Archives For Mr Holmes

January Film Round Up

February 1, 2018 — Leave a comment

Here’s everything I wrote and posted in January.

Eat Locals (2017, Dir: Jason Flemyng) – ‘Essentially, Eat Locals is like Neil Marshall’s Dog Soldiers, except we’re supposed to be rooting for the monsters, not the armed forces.’ Read full review here.

Mr Holmes (2015, Dir: Bill Condon) – ‘…a testament not only to an iconic literary character but to the human spirit.’ Read full review here. 

Run For Your Wife (2013, Dir: Ray Cooney) – ‘Slow, idiotic, offensive…’ Read full review here.

The Films that Changed My Life: James Pillion – I produced this episode of the FilmInk podcast. Check it out here.

The Grinn (2017, Dir: Matthew Kalamane) – ‘…whichever way you slice it, it still comes across as tired and listless.’ Read the full review here.

They (2017, Dir: Anahita Ghazvinizadeh) – ‘…a well-meaning piece of work that suffers from an unfocused story.’ Read the full review here. 

Three Billboards Outside Ebbing, Missouri (2018, Dir: Martin McDonagh) – ‘Three Billboards is a cracking start to cinema in 2018.’ Read full review here.

 

Mr Holmes (2015)

January 29, 2018 — Leave a comment

The Second World War has recently ended and in a remote Sussex cottage lives a crotchety old man, who wants nothing in life than to live out his final years tending to his bees. His name is Sherlock Holmes.

There are numerous pastiches of Sherlock Holmes to be found in literature and film. There’s the steampunk revisionist adventures of Robert Downey Jnr and Jude Law. The bawdy slapstick of Without a Clue saw Michael Caine pretending to the super sleuth. Meanwhile, Young Sherlock Holmes stretched the patience of the heartiest champion of Doyle’s canon. In fact only this year, William Gillete’s 1916 feature Sherlock Holmes was rediscovered and given a home release. Yes, there are many portraits. Most of them sharing a common theme of Holmes in his prime. Which is what makes Mr Holmes immediately stand out from its forbearers.

Played by Ian McKellan, we see the great detective now out to pasture. His once coveted memory failing, he takes to writing names of those people he forgets on his shirt cuffs. He hides himself away from the gawping eyes of those who recognize him from the stories by his late friend, Dr John Watson. As a tonic to the numerous fabrications he found in Watson’s work, Holmes has taken to writing up a case he feels was particularly egregious with the facts.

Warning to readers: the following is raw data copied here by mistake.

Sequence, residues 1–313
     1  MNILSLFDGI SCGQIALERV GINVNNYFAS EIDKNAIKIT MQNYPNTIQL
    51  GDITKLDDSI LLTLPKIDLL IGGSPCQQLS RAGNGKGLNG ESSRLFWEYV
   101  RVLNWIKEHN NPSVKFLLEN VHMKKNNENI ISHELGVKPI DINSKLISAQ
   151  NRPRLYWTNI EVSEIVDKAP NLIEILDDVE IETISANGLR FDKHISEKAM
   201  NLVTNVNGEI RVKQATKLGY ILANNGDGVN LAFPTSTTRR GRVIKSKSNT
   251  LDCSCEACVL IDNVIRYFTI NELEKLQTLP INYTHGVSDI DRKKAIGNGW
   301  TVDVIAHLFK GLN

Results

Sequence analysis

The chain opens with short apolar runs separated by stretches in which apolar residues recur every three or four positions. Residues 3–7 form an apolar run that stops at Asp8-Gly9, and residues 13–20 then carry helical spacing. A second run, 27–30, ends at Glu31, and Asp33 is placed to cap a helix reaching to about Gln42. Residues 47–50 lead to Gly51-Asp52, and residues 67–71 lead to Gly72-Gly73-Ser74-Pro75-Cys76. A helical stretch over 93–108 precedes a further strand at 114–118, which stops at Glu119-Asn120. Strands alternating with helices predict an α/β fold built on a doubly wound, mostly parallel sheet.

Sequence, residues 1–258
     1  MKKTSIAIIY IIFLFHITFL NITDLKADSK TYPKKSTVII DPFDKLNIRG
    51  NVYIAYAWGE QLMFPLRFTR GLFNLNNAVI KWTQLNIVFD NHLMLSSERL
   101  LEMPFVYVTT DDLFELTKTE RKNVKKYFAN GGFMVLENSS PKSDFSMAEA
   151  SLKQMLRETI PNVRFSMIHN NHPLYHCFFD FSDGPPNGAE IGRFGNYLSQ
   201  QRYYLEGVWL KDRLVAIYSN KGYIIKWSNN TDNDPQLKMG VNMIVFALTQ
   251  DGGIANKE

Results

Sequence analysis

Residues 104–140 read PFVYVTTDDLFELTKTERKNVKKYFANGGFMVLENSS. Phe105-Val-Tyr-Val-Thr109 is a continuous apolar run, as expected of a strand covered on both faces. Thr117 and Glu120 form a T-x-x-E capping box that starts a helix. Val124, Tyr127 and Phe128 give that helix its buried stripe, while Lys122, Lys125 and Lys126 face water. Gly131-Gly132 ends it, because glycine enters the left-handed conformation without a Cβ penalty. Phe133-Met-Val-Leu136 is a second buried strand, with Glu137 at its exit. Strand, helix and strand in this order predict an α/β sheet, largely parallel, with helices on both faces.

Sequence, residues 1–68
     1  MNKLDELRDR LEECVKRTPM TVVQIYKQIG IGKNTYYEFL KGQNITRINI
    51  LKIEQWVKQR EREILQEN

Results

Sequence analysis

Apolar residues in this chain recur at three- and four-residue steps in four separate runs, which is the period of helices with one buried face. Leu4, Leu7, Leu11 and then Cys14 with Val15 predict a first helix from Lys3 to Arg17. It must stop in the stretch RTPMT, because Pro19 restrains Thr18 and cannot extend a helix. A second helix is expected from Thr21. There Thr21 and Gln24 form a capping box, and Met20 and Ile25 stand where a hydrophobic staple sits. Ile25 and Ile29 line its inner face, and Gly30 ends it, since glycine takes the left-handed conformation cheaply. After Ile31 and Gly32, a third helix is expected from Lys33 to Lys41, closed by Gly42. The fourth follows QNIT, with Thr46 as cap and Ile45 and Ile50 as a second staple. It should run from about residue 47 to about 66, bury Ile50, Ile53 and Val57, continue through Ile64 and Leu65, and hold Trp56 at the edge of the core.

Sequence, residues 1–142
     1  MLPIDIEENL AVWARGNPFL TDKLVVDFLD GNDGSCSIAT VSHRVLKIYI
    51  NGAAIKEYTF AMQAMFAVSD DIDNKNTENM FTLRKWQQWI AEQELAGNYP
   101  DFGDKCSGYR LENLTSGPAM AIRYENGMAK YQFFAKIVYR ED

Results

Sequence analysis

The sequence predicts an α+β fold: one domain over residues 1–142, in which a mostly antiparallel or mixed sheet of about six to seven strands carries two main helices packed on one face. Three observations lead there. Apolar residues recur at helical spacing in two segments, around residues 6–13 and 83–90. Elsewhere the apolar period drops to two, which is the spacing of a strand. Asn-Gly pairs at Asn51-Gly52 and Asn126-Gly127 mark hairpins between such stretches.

McKellan is simply exquisite as the sleuth. No longer going up against Moriarty, his greatest enemy is the onset of dementia and a feeling of guilt for a case long forgotten. Using flashbacks, McKellan also plays Holmes in a manner we may be more accustomed to. Ageing but still pompous, this ‘younger’ Holmes is in his element as he cracks the case of a missing wife. The conclusion of which now escapes him in his winter years.

It would be amiss to overlook the virtues of McKellen’s co-stars, Laura Linney and Milo Parker, who play Holmes’ housekeeper, Mrs Munro and her son, Roger respectively. Their scenes together are beautifully written and acted as the mother tries to remind her son of a deceased father he’s too young to remember.

Like the book it was based on – A Slight Trick of the Mind – the second set of flashbacks that see Holmes travel to Japan after the Hiroshima bombing feel superfluous. Whilst Holmes’ interactions with Tamiki Umezaki (Hiroyuki Sanada) eventually tie into the film’s themes of forgiveness and loss, it feels like it overeggs the pudding.

However, we shouldn’t let trivial matters get in the way of the facts. Mr Holmes is a wonderful, emotional portrait of a character that will be dear to many people. The delicate touch of the screenplay and the strength of the performances on display are a testament not only to an iconic literary character but to the human spirit.